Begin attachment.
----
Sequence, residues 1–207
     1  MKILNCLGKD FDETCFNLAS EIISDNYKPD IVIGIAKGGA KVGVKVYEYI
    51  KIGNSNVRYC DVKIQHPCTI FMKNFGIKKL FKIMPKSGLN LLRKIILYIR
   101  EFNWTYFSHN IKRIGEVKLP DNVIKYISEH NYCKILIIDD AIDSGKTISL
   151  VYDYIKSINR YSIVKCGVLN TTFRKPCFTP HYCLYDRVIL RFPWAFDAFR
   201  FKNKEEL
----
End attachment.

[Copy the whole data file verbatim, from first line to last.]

Sequence, residues 1–207
     1  MKILNCLGKD FDETCFNLAS EIISDNYKPD IVIGIAKGGA KVGVKVYEYI
    51  KIGNSNVRYC DVKIQHPCTI FMKNFGIKKL FKIMPKSGLN LLRKIILYIR
   101  EFNWTYFSHN IKRIGEVKLP DNVIKYISEH NYCKILIIDD AIDSGKTISL
   151  VYDYIKSINR YSIVKCGVLN TTFRKPCFTP HYCLYDRVIL RFPWAFDAFR
   201  FKNKEEL